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Tuesday, April 15, 2014

Drinking In Japan To Make Friends And Earn Respect

Since my absolute crappy luck continues--my car has a right rear shock tower rotted away from the body and can NOT be fixed.. so I have a nine-year-old Mazda Tribute that will now be sold for parts, meaning I'm taking tomorrow morning off to drive to my mother-in-law's place to borrow her car for a few weeks while she recovers from colon surgery to remove cancer...

... so she has it worse than me, except for the Diabetes I was diagnosed with on Feb. 27... the son who needs major orthodontic work... but at least my wife is writing her final exam today.... so she can get out and find work... and it won't just be me who has worked since my son was 'created' nine years ago... in such time I have sold my house, lived in my dad's place, and accrued debt that could choke a horse but apparently not me for some reason.

And... I'm not even telling you anywhere close to what has been going on over the past five years.... but it ain't pretty. Just convenient.

It's enough to drive one to drink.

So... let's look at Japan and drinking.

You might look at the headline and think - WTF!? "Earn respect by drinking?"

In Japan, drinking is considered an acceptable means of social bonding. Whether it's with the local gaijin (foreigner) or with other Japanese, drinking is done and done often.

First off... do you, the newcomer to Japan need to drink?

Of course not. If you don't drink, Japan is NOT the place to start. Don't drink.

But... will you miss out on some bonding? I can't answer that personally, because when I was in Japan, I did drink. I don't now. Not only can I not afford it, but if I did, I am pretty sure I would be a full-blown alcoholic by now.

Actually... I thought I was going to become one in Japan.
Mr. Arikawa and I never did see who could drink more - tied at 47 glasses of sake apiece. In this photo, we are just having a sake shot. You'll notice that my silk tie matches the blue track suit of the Japanese music teacher from Ohtawara Chu Gakko in the upper most photo.
Upon arriving in Japan via the JET (Japan Exchange & Teaching) Programme, for example, you will spend three days in Tokyo at an orientation conference that despite your obvious excitement at being someplace new and exciting, these meetings are so boring that they will drive you to drink.

Fortunately, your Prefecture leaders who have already been in Japan for a year plus will take you out for a dinner... and drinks... and then out to a dance club... and drinks... before pouring you back into a taxi or train to take you back to the Keo Plaza Hotel in Tokyo where you will rest up and maybe get to do it again the next night.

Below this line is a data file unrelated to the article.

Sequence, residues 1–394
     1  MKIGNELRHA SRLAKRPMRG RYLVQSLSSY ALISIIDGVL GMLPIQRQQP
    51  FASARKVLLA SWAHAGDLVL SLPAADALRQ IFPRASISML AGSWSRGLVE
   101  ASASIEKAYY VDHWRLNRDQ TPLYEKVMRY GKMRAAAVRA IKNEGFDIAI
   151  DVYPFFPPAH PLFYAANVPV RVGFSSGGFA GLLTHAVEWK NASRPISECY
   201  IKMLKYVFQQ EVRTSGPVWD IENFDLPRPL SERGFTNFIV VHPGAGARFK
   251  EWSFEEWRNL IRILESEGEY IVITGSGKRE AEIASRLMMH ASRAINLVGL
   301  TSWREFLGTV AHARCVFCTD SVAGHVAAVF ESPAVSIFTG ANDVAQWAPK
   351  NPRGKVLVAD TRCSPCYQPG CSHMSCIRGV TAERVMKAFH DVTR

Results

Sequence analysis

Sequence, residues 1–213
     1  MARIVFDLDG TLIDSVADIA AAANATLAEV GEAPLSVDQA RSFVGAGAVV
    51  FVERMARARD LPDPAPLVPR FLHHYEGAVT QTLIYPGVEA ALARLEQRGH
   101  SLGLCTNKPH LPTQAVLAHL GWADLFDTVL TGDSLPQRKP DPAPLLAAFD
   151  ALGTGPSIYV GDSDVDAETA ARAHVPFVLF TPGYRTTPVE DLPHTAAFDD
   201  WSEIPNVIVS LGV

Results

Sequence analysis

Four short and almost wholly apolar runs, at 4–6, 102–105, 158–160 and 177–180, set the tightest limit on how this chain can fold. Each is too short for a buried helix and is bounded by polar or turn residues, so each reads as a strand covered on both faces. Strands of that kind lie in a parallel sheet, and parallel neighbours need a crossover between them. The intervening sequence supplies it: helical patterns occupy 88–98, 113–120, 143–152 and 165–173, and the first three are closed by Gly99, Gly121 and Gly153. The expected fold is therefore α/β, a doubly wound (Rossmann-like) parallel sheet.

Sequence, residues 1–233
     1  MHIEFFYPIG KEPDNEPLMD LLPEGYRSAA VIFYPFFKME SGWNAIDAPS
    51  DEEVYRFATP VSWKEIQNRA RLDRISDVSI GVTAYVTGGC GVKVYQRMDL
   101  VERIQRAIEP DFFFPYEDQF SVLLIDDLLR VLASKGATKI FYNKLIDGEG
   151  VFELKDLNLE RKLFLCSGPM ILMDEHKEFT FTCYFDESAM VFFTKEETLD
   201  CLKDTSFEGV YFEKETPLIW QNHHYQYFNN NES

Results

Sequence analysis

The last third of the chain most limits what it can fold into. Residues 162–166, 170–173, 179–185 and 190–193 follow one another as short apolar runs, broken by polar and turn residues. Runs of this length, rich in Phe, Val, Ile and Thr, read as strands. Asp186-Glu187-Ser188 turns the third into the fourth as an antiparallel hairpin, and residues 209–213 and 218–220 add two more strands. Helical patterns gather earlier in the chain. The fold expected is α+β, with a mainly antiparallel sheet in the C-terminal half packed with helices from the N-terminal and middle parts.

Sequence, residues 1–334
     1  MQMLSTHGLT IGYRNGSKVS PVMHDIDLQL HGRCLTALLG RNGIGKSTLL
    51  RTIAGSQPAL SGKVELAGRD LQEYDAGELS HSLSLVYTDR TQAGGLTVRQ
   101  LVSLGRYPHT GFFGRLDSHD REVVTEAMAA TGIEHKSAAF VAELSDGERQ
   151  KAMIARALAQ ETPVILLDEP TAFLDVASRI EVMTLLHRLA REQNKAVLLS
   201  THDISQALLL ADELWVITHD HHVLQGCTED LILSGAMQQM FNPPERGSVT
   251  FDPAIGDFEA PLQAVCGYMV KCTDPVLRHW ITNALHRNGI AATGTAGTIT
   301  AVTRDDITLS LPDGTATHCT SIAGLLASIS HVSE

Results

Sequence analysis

That very first evening out... Matthew, Jeff and Ashley and I must have had about eight beers apiece with dinner. I know Jeff stepped in the Japanese toilet... it was also my first experience with a Japanese toilet and I couldn't figure out how to use it, so I just stood over and peed my stream down into this long porcelain blow imbedded in the ground. You are supposed to take off your pants and squat over it, by the way.

At the Java Jive dance club... Ashley and I hit it off and we must have had another six Screwdrivers (Vodka and Orange Juice)... and we were so hammered that we were making out in public, and in the back alley and in the taxi back to the hotel. Did you know that you should NOT give someone five ¥10,000 bills for a ¥5,000 taxi ride and then say keep the change. That was a US$450 tip I tried to give the taxi driver who was so honest he refused it. Or a tip of any kind.

After being driven out to my hometown of Ohtawara by my new bosses, we stopped off at a restaurant that was conveniently located at the base of my apartment complex... we had four beers each... not enough to make me anything but more thirsty.

A few days later, it was festival time in my city... I think it was one to celebrate the Dead returning... that was when I had my first taste of sake... Japanese rice wine. My father had warned me that this stuff tastes like water and then sneaks up and hits you over the head with a baseball bat.
Drinking alcohol can get you mixed up with the right or wrong type of person - depending on one's point of view... he seemed so nice before we started drinking...
He was correct. Of course... I didn't listen. It was 34C that evening and the humidity was even worse... as such, I was powerful parched... I was shot-gunning sake like it was Coke... and must have had about 20 glasses... and was joined in my exploits by the dealer who was selling the glasses... who was more than pleased to have the local gaijin no sensei enjoying his wares... and soon... other men joined in... and it was a freaking party!